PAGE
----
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the genre's premiere review magazine for short SF & Fantasy since 1993

Beneath Ceaseless Skies #47, July 15, 2010 (Double Review)

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Beneath Ceaseless Skies #47
July 15, 2010

(Reviewed by Mark Lord and Maria Lin)

“The Territorialist” by Yoon Ha Lee
“Throwing Stones” by Mishell Baker

Reviewed by Mark Lord

“The Territorialist” by Yoon Ha Lee is a fantasy story set in a very weird secondary-world setting. The main protagonist is Jeris, Captain of the Guard of the City of Spine, whose job it is to preserve order amongst the feudal-like territorialists who run each of the city’s regions. So far, not so weird perhaps, but when the captain and his guard unit set off to restore order to the Circle Circle Six region, they run into trouble and a lot of weirdness. We are introduced to one territorialist en route who, when her goldfish bowl is shattered by Jeris, is transformed into a fish and attacks the captain. After the battle the dead on both sides become ghosts who join Jeris’s unit and fight alongside him in future encounters. Then there are birds that form into one giant bone bird, animated bone-maps that try to hit people, giant fish jaws that leap out of the river, and living gargoyles too.

The characters are very comfortable with all of this weirdness and perhaps a bit more so than this reader. I found the setting vivid, interesting and impenetrable on my first reading. So much so that I had to make notes the second time to understand the basics of what happened in the story in order to write this review. I think there may well be a great deal of allegorical meaning under the surface, especially with the bones and the flesh symbolism that runs through the story. But for me “The Territorialist” sacrificed comprehension and engaging characters for the sake of its unusual setting.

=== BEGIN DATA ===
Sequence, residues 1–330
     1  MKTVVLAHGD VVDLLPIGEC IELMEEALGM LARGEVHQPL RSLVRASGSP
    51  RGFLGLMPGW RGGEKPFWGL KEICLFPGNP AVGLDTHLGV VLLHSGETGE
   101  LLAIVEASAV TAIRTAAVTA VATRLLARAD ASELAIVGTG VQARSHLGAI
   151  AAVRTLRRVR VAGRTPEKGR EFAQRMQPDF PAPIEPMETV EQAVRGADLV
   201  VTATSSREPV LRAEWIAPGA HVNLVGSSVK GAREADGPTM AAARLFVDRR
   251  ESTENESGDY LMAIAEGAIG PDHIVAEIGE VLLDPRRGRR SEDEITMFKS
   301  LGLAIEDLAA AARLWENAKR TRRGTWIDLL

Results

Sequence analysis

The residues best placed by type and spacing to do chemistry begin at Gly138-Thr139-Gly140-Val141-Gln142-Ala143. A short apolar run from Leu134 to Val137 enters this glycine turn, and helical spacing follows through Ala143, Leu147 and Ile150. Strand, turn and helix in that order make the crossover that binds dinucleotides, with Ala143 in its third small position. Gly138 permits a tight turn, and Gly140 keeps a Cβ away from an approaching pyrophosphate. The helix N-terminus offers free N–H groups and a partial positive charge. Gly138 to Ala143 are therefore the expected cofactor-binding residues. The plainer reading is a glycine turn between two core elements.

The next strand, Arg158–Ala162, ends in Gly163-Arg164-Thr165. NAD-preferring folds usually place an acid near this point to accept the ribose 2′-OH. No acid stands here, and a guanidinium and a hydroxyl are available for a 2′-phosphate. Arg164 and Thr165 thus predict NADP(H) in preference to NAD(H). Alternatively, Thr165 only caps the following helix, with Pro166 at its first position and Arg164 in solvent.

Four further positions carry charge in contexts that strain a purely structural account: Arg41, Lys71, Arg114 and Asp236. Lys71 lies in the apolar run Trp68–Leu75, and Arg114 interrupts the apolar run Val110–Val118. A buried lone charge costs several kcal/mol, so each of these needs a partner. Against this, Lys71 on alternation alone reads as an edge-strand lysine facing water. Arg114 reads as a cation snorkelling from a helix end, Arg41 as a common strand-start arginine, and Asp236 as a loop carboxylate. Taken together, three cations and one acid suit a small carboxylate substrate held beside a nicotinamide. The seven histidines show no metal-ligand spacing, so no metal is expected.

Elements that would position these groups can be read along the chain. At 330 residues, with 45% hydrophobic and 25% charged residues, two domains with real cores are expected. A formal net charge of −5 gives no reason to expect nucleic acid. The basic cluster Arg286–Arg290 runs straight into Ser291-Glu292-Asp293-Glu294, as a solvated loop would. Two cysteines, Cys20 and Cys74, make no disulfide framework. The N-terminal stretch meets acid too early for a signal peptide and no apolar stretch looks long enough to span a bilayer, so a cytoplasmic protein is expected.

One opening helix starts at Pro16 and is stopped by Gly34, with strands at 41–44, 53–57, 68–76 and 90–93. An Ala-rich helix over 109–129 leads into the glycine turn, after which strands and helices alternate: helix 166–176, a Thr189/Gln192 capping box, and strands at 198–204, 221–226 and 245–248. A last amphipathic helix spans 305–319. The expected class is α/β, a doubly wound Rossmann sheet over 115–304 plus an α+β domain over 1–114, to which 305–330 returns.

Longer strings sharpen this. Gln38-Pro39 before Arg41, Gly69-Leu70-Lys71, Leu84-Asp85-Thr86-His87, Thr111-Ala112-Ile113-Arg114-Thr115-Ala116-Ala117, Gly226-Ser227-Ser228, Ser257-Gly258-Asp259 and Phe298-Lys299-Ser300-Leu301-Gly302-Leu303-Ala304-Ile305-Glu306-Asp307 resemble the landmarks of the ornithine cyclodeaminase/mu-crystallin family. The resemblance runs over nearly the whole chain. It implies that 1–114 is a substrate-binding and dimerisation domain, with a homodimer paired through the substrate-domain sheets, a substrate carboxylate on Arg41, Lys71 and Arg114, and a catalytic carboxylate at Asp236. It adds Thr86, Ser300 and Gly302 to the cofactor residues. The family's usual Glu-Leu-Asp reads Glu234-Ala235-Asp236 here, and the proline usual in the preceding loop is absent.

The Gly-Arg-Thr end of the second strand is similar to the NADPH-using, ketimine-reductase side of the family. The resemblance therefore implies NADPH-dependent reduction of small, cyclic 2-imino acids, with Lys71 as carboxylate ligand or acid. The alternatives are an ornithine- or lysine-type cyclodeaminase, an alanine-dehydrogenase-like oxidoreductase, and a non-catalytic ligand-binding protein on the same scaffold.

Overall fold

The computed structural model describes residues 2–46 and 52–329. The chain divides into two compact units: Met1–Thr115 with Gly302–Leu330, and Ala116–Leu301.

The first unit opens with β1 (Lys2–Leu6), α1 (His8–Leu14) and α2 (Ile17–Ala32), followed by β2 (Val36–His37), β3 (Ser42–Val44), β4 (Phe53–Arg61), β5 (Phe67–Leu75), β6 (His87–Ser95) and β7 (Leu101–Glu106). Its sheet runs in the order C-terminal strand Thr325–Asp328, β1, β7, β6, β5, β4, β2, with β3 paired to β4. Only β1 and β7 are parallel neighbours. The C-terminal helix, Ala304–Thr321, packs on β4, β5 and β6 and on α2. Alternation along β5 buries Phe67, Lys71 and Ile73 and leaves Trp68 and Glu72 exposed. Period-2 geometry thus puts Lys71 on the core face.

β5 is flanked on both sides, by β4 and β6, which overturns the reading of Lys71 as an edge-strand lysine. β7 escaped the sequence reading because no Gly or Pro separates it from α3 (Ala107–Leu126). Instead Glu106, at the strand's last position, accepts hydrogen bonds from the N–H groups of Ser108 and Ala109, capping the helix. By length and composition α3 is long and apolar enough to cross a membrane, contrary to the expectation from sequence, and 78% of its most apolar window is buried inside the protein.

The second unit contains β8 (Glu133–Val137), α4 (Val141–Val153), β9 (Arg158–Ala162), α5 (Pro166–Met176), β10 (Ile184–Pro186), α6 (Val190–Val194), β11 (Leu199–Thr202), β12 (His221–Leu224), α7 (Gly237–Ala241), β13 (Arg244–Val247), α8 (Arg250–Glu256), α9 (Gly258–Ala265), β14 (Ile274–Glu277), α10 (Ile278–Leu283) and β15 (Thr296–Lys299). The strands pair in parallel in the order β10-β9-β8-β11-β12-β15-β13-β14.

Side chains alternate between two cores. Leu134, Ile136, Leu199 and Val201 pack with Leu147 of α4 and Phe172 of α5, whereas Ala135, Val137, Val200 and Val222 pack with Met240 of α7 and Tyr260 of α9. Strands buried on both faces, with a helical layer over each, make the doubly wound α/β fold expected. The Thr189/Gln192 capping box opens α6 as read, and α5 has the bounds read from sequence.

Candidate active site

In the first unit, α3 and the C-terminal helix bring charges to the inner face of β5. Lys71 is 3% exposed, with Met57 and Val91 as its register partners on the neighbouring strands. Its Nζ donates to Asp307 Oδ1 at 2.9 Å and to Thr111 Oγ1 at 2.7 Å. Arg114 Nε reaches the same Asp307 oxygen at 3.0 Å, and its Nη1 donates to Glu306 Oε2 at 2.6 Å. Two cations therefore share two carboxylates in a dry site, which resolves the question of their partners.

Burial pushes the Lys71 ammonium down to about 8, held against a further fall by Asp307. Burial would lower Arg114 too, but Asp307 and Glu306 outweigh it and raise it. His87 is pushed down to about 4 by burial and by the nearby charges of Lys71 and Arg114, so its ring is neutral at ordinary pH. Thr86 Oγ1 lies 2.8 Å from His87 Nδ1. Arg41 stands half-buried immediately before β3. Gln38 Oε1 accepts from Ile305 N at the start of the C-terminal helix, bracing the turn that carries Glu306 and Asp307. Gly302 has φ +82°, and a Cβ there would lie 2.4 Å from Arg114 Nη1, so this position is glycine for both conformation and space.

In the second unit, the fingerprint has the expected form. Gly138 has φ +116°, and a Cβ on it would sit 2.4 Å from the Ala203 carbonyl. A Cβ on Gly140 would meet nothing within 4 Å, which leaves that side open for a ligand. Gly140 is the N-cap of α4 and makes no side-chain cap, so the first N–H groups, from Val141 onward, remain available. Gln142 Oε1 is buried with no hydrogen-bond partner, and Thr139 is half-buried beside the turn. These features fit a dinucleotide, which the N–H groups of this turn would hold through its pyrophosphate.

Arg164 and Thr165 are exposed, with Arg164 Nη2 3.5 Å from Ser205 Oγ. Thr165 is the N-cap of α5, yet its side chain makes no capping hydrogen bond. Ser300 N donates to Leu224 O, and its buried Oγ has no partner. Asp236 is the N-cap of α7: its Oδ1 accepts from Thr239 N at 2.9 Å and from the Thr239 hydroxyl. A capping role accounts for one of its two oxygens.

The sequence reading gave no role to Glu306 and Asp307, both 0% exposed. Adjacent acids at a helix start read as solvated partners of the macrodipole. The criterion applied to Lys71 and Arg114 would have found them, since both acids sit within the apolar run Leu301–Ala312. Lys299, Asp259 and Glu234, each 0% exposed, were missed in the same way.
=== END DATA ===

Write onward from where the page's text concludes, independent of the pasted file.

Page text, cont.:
“Throwing Stones” by Mishell Baker takes place in the city of Jiun-Shi, part of the Empire of Ru, a setting with the feel of ancient China except for two important differences. In “Throwing Stones” women are the dominant sex while men are second-class citizens, and goblins exist as shapechangers. The first person narrator of the story is a man disguised as a woman who works at the Silver Fish Teahouse. She/he realizes that one of the regulars of the Teahouse, a male scribe by the name of Tuo, is also not who he seems. Tuo is in fact a goblin in the guise of a man. The two have a relationship which develops into an affair, with the goblin granting the narrator the true appearance of a woman to help her achieve her goal of studying at the female-only Temple of Seeresses.

I enjoyed how this story used historical cultural references and legend to create a powerful and thought-provoking story about the nature of gender and deception. Unlike “The Territorialist” this story didn’t try to do too much, but instead allowed the characters and themes room enough to breath and cast their spell on the reader.

Beneath Ceaseless Skies #47
July 15, 2010

“The Territorialist” by Yoon Ha Lee
“Throwing Stones” by Mishell Baker

Reviewed by Maria Lin

“The Territorialist” by Yoon Ha Lee